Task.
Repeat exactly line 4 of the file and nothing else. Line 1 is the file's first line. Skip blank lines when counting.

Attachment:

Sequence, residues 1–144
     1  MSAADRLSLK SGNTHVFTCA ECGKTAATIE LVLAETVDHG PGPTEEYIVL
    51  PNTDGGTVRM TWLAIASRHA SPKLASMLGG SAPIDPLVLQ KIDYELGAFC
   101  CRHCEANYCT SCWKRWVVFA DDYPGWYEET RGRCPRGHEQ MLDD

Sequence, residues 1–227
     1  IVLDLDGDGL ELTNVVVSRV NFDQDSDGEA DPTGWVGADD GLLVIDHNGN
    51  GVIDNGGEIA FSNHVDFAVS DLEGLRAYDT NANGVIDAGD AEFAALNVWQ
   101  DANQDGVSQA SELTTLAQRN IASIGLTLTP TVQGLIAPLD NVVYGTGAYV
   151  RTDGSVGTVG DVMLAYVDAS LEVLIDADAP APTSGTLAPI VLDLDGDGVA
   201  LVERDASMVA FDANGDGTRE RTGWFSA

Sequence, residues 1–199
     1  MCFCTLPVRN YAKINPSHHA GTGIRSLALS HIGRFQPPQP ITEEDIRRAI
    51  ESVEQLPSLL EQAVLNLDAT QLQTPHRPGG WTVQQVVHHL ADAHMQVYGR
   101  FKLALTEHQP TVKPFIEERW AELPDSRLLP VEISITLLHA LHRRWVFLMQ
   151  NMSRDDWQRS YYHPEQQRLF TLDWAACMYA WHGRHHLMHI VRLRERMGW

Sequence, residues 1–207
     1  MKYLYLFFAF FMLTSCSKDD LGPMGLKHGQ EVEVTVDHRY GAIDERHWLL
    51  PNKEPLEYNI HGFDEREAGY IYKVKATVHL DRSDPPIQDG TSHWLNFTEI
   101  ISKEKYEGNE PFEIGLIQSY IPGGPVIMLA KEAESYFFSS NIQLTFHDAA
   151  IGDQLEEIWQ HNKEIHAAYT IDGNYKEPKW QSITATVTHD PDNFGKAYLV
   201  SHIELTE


   101  CRHCEANYCT SCWKRWVVFA DDYPGWYEET RGRCPRGHEQ MLDD